Patty Eason has long been the strongest advocate on the Georgetown City Council for bringing commuter rail to town. She has argued that a rail line would encourage economic development, provide jobs and promote tourism.
So she surprised many people Tuesday night when, after a three-hour hearing packed with rail supporters, she joined the council majority that voted to leave the Lone Star Rail District.
The story you’re reading is premium content from the Austin American-Statesman. Subscribers get total access to all our in-depth news, digital editions and exclusive premium content. You can also buy a 24-hour digital pass or 7-day digital pass.
Read MyStatesman.com now — 24-hour digital pass99¢ for 24-hours
Read MyStatesman.com all week — 7-day digital pass$3.99 for 7-days
Subscribe to the Statesman for as little as 33¢ per dayView Offers
For Subscribers: Register your account for digital access.Access Digital
For Subscribers: Sign in here if you have already registered your account.Sign In
The Lone Star Rail District plans to run a commuter line from San Antonio through Austin and into Williamson County, largely using existing Union Pacific tracks. It could open in the next six to 10 years but needs support from enough local governments along the route.
How much would it cost?
The 118-mile proposed railroad with 16 stations would cost nearly $2 billion, including building another railroad line for displaced Union Pacific freight to use. Officials say the money would come from state, federal and private investment sources. The annual operating cost is estimated to be $30 million.
Who would foot the bill for the operating costs?
Riders would pay a fee, though the rates haven’t been determined. The remaining operating costs would be split into thirds, with one-third paid by Austin and Travis County, one-third paid by San Antonio and Bexar County, and one-third paid by other smaller cities and counties, including Georgetown if it decides to rejoin the district, said Joe Black, the director of the district.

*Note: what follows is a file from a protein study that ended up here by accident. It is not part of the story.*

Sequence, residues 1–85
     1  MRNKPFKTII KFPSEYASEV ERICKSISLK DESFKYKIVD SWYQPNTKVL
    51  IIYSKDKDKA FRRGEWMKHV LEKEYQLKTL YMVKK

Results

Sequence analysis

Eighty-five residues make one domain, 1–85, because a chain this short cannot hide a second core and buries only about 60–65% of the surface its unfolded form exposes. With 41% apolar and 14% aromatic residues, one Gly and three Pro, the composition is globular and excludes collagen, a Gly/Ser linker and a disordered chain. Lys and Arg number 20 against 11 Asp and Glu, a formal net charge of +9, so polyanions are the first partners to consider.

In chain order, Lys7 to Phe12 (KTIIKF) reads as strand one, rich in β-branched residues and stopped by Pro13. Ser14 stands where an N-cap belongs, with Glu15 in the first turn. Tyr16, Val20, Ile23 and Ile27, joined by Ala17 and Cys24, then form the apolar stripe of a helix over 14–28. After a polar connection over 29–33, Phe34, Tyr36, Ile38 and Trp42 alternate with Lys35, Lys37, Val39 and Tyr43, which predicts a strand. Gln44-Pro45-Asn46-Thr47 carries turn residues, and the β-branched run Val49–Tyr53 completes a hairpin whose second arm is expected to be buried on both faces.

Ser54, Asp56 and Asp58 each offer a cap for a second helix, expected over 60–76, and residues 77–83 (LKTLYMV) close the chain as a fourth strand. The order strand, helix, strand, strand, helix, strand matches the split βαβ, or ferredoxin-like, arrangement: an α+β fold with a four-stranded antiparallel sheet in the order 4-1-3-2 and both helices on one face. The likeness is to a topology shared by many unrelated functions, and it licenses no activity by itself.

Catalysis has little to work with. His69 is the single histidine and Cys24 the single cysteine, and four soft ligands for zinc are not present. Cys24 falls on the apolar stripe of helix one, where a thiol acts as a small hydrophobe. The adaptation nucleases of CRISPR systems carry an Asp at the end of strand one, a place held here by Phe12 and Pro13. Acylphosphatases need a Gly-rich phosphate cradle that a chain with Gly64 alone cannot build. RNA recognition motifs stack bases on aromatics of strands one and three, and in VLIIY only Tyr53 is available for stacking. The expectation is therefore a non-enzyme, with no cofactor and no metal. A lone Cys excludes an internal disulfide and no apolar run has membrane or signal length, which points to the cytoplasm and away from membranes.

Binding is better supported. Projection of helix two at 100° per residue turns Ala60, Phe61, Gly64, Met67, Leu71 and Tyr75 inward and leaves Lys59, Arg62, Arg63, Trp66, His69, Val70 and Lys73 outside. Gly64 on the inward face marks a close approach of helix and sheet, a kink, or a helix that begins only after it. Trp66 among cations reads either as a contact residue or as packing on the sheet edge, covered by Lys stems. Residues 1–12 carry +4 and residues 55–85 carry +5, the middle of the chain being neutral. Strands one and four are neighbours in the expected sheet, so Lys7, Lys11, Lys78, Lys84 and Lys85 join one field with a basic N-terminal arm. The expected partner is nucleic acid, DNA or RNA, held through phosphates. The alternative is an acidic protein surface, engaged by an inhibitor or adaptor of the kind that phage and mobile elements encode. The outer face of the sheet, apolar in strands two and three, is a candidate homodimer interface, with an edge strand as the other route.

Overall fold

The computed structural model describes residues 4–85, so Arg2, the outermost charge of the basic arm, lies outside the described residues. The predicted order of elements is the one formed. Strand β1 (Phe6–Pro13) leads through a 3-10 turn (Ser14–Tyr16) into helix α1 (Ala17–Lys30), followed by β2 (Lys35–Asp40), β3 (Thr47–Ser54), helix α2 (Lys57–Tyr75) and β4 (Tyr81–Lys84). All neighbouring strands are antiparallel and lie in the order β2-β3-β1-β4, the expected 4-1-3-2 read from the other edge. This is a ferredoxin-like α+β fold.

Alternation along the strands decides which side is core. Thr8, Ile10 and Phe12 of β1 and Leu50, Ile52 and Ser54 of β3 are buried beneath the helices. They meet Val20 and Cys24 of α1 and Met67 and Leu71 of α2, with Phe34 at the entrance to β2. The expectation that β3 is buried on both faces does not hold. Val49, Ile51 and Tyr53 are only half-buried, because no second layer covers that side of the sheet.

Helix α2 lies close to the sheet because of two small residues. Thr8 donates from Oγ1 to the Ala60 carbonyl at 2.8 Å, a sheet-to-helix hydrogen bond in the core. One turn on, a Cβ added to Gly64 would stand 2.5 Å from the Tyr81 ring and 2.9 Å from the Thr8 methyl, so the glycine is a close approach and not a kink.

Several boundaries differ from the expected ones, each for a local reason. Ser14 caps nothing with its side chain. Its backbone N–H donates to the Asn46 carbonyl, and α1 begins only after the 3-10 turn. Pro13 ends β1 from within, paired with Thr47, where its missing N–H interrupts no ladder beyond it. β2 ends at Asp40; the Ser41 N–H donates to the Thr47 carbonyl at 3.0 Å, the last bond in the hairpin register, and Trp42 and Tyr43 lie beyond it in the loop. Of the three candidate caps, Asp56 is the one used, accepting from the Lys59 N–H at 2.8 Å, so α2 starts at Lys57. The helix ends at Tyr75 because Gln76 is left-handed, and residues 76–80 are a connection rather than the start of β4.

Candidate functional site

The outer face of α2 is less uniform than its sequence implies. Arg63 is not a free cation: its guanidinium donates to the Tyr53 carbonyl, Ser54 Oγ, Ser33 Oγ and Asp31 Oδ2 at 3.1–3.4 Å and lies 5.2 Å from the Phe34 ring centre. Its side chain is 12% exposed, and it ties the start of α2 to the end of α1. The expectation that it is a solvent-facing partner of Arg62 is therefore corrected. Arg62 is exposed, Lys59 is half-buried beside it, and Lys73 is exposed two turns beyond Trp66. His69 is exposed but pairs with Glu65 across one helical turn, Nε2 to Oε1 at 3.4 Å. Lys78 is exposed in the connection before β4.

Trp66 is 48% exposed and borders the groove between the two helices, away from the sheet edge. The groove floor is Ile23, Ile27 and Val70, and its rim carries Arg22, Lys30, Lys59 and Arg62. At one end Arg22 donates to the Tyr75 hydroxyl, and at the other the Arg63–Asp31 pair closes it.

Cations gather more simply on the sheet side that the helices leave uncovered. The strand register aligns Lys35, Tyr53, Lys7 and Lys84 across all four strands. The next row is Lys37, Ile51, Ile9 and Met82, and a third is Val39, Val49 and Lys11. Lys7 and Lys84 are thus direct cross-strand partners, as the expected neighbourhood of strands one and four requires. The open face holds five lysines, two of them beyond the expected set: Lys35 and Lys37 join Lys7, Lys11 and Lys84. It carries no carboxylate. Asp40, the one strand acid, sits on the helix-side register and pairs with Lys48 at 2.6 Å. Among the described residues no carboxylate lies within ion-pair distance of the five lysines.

And that would mean a property tax increase, right?
Yes and no. The district is not asking cities to raise their tax rates, and residential property owners would not be affected. Instead, special half-mile zones would be created around the train stations, Black said. As the commercial properties in those zones increase in value, the same tax rate would bring in more revenue — and the owners of the appreciating businesses would have a larger tax bill. The extra revenue generated by the rising property values would go to the rail district, Black said.
What if the zones don’t generate enough money to pay the operating costs?
The rail district would trim the train service, including options such as eliminating weekend service, Black said.
What if Georgetown decides to join the rail line after it’s built?
The cost to the city could be anywhere from $50 million to $100 million because it would have to pay to build train tracks from the nearest stop to Georgetown, construct a train station and do an environmental impact study, Black said. Those startup costs would be covered by federal and state funds, as well as private investment, if Georgetown remains in the district.
Who belongs to the Lone Star Rail District?
The counties of Travis, Hays and Bexar. The cities of Austin, New Braunfels, San Antonio, San Marcos and Schertz. Transit authority members include AACOG Alamo Regional Transit, the Capital Area Rural Transportation System, the Capital Metropolitan Transportation Authority and VIA Metropolitan Transit. The Capital Area Metropolitan Planning Organization and the San Antonio-Bexar County Metropolitan Planning Organization also are members. The San Antonio business community and the Austin business community also have representatives on the district’s board of directors.